00:29:14.17 from the 100 micron length scale all the way down to the 100 nanometer length scale
00:29:18.15 that are really ripe to be borrowed in this field.
00:29:25.14 Just to summarize, then, I've told you how one can use microscale technologies
00:29:29.14 to fabricate liver tissues, to interrogate arrays of liver tissues,
00:29:33.08 and then finally to learn more about pathogens that infect the liver.
00:29:37.11 So that you for watching and I'be like to thank our group for all the hard work
00:29:42.13 and in particular, Megan Shan and Alice Chen who helped me work on this talk.
- Relevance: How does the therapeutic approach for liver diseases contrast with other organ systems? What is the microenvironment of hepatocytes? What is a major challenge that has hindered the advancement of cell based therapeutic strategies?
- Construct: Describe two examples of light-based microfabrication techniques used in hepatic tissue engineering. What features do these techniques control for and why is this important? What would you design using one of these techniques?
- Interrogate: What are some applications for the arrays of liver tissue in drug development? Can you envision a biological question that may be addressed via these micro-patterned co-cultures, be it with liver arrays or other organ arrays?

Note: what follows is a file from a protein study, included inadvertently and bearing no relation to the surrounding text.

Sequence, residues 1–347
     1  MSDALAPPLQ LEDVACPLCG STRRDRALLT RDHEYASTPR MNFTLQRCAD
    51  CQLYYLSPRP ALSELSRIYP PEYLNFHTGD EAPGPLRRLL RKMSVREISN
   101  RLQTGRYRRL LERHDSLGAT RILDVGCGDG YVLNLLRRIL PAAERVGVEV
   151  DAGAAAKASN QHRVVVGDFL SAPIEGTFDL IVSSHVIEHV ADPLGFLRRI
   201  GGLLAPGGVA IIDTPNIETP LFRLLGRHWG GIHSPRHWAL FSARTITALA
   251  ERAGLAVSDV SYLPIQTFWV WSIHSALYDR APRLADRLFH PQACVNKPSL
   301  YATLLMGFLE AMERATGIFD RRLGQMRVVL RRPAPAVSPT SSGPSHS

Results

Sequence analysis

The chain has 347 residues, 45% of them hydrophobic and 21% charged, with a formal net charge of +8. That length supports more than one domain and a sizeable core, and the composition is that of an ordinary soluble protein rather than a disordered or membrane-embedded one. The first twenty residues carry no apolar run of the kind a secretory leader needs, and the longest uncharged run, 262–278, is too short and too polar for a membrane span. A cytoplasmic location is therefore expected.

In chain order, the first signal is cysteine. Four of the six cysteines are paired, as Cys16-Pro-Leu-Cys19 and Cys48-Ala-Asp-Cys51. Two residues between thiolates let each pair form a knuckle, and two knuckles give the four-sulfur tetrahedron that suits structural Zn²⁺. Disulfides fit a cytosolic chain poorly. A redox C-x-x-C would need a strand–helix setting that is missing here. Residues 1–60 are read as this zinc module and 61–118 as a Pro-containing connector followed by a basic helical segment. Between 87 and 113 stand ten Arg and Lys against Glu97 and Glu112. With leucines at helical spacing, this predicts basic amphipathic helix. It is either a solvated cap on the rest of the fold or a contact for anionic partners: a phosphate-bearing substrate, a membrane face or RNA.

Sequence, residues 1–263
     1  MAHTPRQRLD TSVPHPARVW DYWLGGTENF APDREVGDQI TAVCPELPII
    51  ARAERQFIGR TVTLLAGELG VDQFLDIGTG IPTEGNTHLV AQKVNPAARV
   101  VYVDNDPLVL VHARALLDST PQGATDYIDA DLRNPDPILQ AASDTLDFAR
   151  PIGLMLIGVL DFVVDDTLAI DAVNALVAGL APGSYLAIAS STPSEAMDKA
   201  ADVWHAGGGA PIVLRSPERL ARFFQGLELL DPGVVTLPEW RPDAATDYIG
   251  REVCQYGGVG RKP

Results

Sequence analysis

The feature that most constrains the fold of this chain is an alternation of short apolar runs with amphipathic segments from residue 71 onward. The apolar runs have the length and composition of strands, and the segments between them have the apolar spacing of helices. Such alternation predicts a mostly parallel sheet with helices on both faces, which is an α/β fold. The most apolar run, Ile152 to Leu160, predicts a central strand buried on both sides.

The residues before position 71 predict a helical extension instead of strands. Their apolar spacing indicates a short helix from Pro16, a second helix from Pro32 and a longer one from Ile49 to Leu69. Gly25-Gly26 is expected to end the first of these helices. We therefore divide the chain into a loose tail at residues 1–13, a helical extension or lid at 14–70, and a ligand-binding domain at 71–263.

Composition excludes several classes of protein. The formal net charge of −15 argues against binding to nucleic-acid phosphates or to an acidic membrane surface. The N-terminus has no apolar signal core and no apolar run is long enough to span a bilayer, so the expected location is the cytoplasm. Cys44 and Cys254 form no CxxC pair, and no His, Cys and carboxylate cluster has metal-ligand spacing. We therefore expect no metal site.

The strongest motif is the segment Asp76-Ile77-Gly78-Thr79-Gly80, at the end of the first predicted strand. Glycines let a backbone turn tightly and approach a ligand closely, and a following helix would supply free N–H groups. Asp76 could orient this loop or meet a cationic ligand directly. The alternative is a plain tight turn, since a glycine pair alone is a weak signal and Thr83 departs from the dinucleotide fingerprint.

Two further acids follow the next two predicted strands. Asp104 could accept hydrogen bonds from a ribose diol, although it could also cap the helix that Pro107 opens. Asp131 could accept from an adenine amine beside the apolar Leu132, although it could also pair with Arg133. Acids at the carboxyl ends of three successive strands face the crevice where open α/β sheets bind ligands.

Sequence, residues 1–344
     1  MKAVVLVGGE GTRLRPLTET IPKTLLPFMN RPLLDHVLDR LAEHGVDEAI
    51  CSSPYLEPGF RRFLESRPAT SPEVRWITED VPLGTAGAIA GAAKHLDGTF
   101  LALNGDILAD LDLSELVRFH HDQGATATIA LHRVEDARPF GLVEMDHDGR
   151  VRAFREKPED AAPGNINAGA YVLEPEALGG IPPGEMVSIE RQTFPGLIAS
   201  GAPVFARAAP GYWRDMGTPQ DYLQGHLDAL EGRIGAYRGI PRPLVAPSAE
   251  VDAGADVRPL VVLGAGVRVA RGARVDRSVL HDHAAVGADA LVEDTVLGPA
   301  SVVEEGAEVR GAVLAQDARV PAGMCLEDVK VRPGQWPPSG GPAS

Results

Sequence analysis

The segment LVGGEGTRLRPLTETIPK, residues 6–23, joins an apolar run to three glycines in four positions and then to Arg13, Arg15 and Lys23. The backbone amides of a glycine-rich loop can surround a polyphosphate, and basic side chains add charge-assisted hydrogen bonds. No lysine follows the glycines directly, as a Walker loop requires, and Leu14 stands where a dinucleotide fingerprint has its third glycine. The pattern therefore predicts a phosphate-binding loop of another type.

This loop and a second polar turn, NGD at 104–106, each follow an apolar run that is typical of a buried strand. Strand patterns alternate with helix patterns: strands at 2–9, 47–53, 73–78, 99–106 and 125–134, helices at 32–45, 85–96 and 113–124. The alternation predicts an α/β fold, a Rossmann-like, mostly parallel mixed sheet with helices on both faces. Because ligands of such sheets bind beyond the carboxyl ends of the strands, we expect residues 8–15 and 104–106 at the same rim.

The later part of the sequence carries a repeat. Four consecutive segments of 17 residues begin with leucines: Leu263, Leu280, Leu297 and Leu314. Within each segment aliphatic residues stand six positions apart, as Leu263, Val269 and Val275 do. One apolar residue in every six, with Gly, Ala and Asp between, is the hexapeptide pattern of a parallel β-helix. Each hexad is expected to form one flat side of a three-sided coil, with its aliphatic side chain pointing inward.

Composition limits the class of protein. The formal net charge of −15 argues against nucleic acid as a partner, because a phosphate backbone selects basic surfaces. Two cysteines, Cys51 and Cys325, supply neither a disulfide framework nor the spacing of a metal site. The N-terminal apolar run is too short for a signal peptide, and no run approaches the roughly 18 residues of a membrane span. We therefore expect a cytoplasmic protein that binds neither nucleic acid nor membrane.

Paper for this Session’s Discussion
Stevens, K.R., Ungrin, M.D., Schwartz, R.E., Ng, S., Carvalho, B., Christine, K.S., Chaturvedi, R.R., Li, C.Y., Zandstra, P.W., Chen, C.S., et al. (2013). InVERT molding for scalable control of tissue microarchitecture. Nature Communications 4, 1847.
Discussion Questions for the Paper
- What are the steps for the InVERT molding technique? Briefly describe figure 1a (or 2b) and redraw the steps on the board.
- What experiments were done to further characterize the new InVERT techniqe and why were they important when trying to understand the relevance or versatility of this new technique? In the first part of the iBiology lecture, Sangeeta Bhatia talks about designing the right biomaterial. What aspects of the InVert technique allow for biomaterial design?
- Describe how interpenetrating, juxtaposed and paracrine conformations were patterned (figure 3). How do the organization of compartments (figure 3 and 4 a,b) relate to the importance of cell organization discussed in the first part of Sangeeta Bhatia’s talk?
- What experiments were done with the nude mice in figure 4? What other experiments would you have done?
Sangeeta Bhatia received her Sc.B. in biomedical engineering from Brown University, her M.D. from Harvard Medical School and her Ph.D. from MIT. She is currently Professor of Health Sciences and Technology and of Electrical and Computer Science at MIT and a Howard Hughes Medical Institute Investigator. Research in her lab is focused on using micro-… Continue Reading